Obuchi Student Scholarship, East-West Center

Obuchi Student Scholarships are part of the East-West Center’s Graduate Degree Fellowship program and support students from Okinawa for master’s or doctoral degree study at the University of Hawai‘i at Manoa in fields deemed beneficial to Okinawan development needs. These scholarships are offered through a joint partnership of the United States and Japanese governments, specifically through the East-West Center and the Okinawa Prefectural Government. The program’s mission is to help Okinawa develop and strengthen its human resources in order to take a proactive role in Asia Pacific intellectual, research, and business activities. Priority in the student selection process is given to those studying in fields of benefit to Okinawan development.

Project Governance Graduate Fellowship, East-West Center

The PROJECT Governance Graduate Fellowship program (ProGov Fellowship) is designed to support promising young leaders from Pacific Island countries to earn a one-year professional degree at the University of Hawai‘i at Mānoa in the fields of finance, information systems, or law. The ProGov Fellowship is an important piece of the larger PROJECT Governance initiative. ProGov Fellows will have the opportunity to participate in PROJECT Governance activities and contribute to creating a stronger Blue Pacific, both during and after their professional studies at the University of Hawai’i.

Student Affiliate Program, East-West Center

The East-West Center Student Affiliate Program was established to expand opportunities for involvement in the programs of the East-West Center.  The East-West Center Student Affiliate Program gives externally funded (e.g., Fulbright or other scholarships, graduate assistantships, etc.) or self-funded graduate students at the University of Hawai‘i at Mānoa the opportunity to participate in the Center’s educational programs and leadership development opportunities, and to live in its international residence halls. The Student Affiliate Program provides an opportunity for these individuals to be part of the EWC community, along with participants from across the U.S. and more than 50 countries, and has proven for many to be instrumental in helping to establish lasting relations that extend into future careers or other endeavors.

Ah Kin (Buck) Yee Graduate Fellowship, East-West Center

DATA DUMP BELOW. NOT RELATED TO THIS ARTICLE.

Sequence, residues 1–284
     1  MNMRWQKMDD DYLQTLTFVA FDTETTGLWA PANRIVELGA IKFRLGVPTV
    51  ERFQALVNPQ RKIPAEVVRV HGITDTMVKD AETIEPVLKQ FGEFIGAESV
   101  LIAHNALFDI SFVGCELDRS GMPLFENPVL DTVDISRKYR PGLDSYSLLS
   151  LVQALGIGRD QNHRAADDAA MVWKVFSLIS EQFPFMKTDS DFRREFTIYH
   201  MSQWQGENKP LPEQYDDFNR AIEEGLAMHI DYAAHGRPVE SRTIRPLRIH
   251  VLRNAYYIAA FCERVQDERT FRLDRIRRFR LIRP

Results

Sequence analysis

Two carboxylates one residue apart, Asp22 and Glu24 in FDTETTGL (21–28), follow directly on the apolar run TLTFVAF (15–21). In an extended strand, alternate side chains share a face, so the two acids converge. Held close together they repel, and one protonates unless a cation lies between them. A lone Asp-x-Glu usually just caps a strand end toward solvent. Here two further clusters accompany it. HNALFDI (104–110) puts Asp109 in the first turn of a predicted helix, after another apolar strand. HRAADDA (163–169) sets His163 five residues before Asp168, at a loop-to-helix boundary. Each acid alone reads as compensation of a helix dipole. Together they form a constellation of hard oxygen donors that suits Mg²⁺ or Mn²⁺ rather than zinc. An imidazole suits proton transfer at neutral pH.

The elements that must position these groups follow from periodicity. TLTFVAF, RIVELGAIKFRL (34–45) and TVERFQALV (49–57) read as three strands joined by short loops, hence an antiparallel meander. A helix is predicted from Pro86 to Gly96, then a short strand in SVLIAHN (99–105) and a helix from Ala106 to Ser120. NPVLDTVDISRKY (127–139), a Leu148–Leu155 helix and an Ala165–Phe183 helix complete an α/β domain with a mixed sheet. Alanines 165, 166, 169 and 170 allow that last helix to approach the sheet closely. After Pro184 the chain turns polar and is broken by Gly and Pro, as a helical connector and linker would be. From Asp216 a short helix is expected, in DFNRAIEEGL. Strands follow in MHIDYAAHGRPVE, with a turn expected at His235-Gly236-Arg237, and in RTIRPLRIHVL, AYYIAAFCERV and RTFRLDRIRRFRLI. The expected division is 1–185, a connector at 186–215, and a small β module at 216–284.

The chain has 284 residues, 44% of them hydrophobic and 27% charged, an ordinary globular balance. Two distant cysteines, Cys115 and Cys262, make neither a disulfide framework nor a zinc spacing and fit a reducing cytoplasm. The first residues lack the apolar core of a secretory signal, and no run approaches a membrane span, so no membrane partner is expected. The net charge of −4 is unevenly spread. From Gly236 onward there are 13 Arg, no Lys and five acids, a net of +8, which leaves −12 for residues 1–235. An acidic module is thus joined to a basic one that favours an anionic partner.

The Ah Kin (Buck) Yee Graduate Fellowship provides UH Mānoa graduate students with financial assistance to pursue degrees in China-related studies. Recipients must be full-time graduate students or have been accepted for full-time graduate study in any field of Chinese studies. Past recipients include students from the departments of Art History, Asian Studies, Chinese Studies, Philosophy, Political Science, Sociology and Theater.. The fellowship is open to U.S. and international students, who apply via the University of Hawaii’s Student Scholarships website (login required). Finalists are typically notified by the end of the spring semester, with the fellowship covering the period from August to May of the next academic year. The average fellowship amount is $5,000 for the year, which is disbursed to the student by the university. For more information about the nomination process, contact your graduate department at the University of Hawai‘i. In accordance with the terms of the endowment, fellowship recipients must also fulfill the requirements of the EWC degree fellows program by participating in the Center’s educational, cultural and residential community.

External Opportunities

Hawaii Asia-Pacific Affairs Leadership (APAL) Program, Pacific Forum

Since 2013, the Hawaii Asia-Pacific Affairs Leadership (APAL) Program at Pacific Forum has provided university students and young professionals the opportunity to learn about Asia-Pacific affairs and think critically about Hawaii’s role in the region. Participants develop a local and international peer network that will serve them in the future. The program is supported by a generous grant from the Freeman Foundation. APAL Scholars gain exclusive access to Pacific Forum’s international network of senior foreign policy experts, emerging next-generation scholars and practitioners, and local community leaders and professionals. Throughout the nine-month program they are invited to Pacific Forum conferences and events in Honolulu that are normally reserved for experts, practitioners, and donors. They also undertake a guided research project, allowing them to explore Hawaii’s connection to the region and speak directly with stakeholders and decisionmakers working on these issues. Additionally, APAL Scholars are given the opportunity to attend a Pacific Forum conference in Asia. Participants meet 1-2 times a month from October to June for roundtable discussions focused on key regional issues. Additional opportunities such as volunteering, site visits, and partner events are also part of the APAL experience.